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This chapter is from the book

Creating and Running Scripts

In most cases, you will run individual cmdlets to achieve your desired result, and with the use of pipelining you can combine cmdlets together to allow for creative results. However, just like from a Windows command prompt, a single line of code may not be able to provide you with the ability to do everything you desire. From the Windows command prompt, it is common to use a .bat file to group multiple commands into a single file, but that will not work in Exchange Management Shell. But, do not fear. PowerShell offers support for a scripting language, based on the Microsoft .NET Framework, and those scripts can be used to automate tasks or run multiple cmdlets together when pipelining is not appropriate. The Shell lets you create scripts, assign variables in the scripts, perform looping operations, and use conditional logic in the scripts. This is all done within a text file using PowerShell cmdlets. When you save the text file with a .ps1 extension, it is executable from Exchange Management Shell.

By creating your own library of these .ps1 scripts, you can automate tasks and efficiently run your scripts on any computer that has Exchange Management Shell installed on it. The following example illustrates how to create a script to perform the five steps necessary to configure Messaging Records Management.

Create a text file with a .ps1 extension.

In the example that follows, the file will be called C:\Users\Administrator\MRM_Retention.ps1.

Five steps are involved in configuring Messaging Records Management.

This is commonly configured from Exchange Management Console (prior to Service Pack 1) because each step is performed in a unique place and no single cmdlet will perform all five steps. However, in the Console, there is no single wizard that will perform all five steps either. Therefore, you want to create a script to perform all five steps together in a PowerShell script.

New-ManagedFolder
-Name "ObjectName" -FolderName "FolderName"

PS C:\Users\Administrator>
New-ManagedFolder
-Name "Retention" -FolderName "Retention"
               

Step 1: Create a new managed custom folder.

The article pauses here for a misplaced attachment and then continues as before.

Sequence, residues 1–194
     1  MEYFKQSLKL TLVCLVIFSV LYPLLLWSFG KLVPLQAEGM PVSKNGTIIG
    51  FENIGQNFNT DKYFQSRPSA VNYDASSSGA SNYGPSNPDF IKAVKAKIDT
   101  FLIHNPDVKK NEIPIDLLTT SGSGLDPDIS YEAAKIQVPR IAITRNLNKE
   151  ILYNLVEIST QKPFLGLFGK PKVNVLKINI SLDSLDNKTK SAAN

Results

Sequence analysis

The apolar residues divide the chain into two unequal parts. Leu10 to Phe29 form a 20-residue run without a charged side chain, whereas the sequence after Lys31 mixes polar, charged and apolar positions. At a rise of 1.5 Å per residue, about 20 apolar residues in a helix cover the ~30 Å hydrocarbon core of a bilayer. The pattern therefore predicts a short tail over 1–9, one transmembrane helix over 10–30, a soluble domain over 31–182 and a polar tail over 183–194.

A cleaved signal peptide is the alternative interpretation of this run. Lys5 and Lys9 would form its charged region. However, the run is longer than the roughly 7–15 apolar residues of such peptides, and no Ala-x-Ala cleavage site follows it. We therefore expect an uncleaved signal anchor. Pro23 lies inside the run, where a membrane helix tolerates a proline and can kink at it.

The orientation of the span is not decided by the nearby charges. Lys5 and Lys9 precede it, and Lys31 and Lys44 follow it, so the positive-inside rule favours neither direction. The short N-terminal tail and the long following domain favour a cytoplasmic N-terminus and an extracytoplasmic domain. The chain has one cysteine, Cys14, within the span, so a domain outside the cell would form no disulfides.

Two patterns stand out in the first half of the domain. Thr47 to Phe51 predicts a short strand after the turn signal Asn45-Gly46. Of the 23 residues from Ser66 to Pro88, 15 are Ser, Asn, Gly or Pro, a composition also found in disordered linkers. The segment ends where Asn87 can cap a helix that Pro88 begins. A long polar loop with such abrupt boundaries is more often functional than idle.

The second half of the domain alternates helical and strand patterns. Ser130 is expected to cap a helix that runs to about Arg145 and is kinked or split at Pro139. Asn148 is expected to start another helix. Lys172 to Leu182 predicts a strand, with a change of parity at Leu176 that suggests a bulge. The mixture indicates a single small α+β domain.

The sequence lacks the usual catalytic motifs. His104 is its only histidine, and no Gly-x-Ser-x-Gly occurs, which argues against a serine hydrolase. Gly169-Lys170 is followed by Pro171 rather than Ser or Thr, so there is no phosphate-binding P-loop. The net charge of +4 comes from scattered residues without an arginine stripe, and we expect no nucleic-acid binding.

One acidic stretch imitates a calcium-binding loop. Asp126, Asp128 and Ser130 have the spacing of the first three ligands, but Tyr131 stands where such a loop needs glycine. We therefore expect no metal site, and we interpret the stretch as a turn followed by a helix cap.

$AgeLimit = New-TimeSpan
-Day ValueInDays
PS C:\Users\Administrator>
$AgeLimit
 =
New-TimeSpan
-Day 1100

               

Create a variable to use in step 2.

New-ManagedContentSettings
-Name "ContentSettingsName" -FolderName
"FolderName"
-MessageClass "MessageClassType"
-RetentionEnabled $boolean value
-AgeLimitForRetention $AgeLimit
-RetentionAction RetentionActionType
PS C:\Users\Administrator>
New-ManagedContentSettings
-Name "Retention Settings for Retention
Folder"
-FolderName "Retention" -MessageClass *
-RetentionEnabled: $true
-AgeLimitForRetention $AgeLimit
-RetentionAction PermanentlyDelete

Step 2: Create managed content settings for the 3 Year Retention Folder, which permanently deletes all items after 3 years or 1,100 days.

New-ManagedFolderMailboxPolicy
-Name "PolicyName"
-ManagedFolderLinks "Folder(s)ToBeLinked
ToPolicy"
PS C:\Users\Administrator>New-
ManagedFolderMailboxPolicy
-Name "Executives Mailbox Policy"
-ManagedFolderLinks "Retention"
               

Step 3: Create a managed folder mailbox policy.

Set-Mailbox -Identity MailboxUsername
-ManagedFolderMailboxPolicy "PolicyName"
PS C:\Users\Administrator>Set-Mailbox
-Identity Administrator
-ManagedFolderMailboxPolicy "Executives
Mailbox Policy"
               

Step 4: Apply the managed folder mailbox policy to a mailbox.

PS C:\Users\Administrator>$ServerName =
cmd /c echo %computername%
PS C:\Users\Administrator>Set-
MailboxServer -ID $ServerName
-ManagedFolderAssistantSchedule "Schedule"
PS C:\Users\Administrator>Set-
MailboxServer -ID $ServerName
-ManagedFolderAssistantSchedule
"Sun.12:00-Sun.11:00"
               

Step 5: Schedule the Managed Folder Assistant to run each day.

PS C:\Users\Administrator>
Start-ManagedFolderAssistant
               

Alternate step 5: Start the Managed Folder Assistant manually.

# Step 1: Create a new managed custom
folder.
New-ManagedFolder -Name "Retention"
-FolderName "Retention"
# Create a variable, "$AgeLimit," to use
in Step Number 2.
$AgeLimit = New-TimeSpan -Day 1100
# Step 2: Create managed content settings
for the 3 Year Retention Folder that
permanently deletes all items after 3 years
or 1100 days.
New-ManagedContentSettings
-Name "Retention Settings for Retention
Folder"
-FolderName "Retention" -MessageClass *
-RetentionEnabled:$true
-AgeLimitForRetention $AgeLimit
-RetentionAction PermanentlyDelete
# Step 3: Create a managed folder mailbox
policy.
New-ManagedFolderMailboxPolicy
-Name "Executives Mailbox Policy"
-ManagedFolderLinks "Retention"
# Step 4: Apply the managed folder mailbox policy to a mailbox.
Set-Mailbox -Identity Administrator
-ManagedFolderMailboxPolicy "Executives
Mailbox Policy"
# Step 5: Start the Managed Folder
Assistant manually.
Start-ManagedFolderAssistant
               

The completed script with all steps combined in a file.

The # sign indicates a remark, and that line will not be executed.

Save this file with a name such as C:\Users\Administrator>MRM_Retention.ps1.

PS C:\Users\Administrator>.\
MRM_Retention.ps1
               

Run the script as shown in Figure 3-5.

Figure 3-5

Figure 3-5 Running the MRM_Retention.ps1 script created in the example

Figures 3-6, 3-7, 3-8, and 3-9 show the results after the script has been run.

Figure 3-6

Figure 3-6 Custom folder and content settings on a folder viewed from the Exchange Management Console

Figure 3-7

Figure 3-7 Managed folder mailbox policy viewed from the Exchange Management Console

Figure 3-8

Figure 3-8 Executives mailbox policy linked to a user, as viewed from the Exchange Management Console

Figure 3-9

Figure 3-9 Retention folder viewed on user's Outlook Web App client

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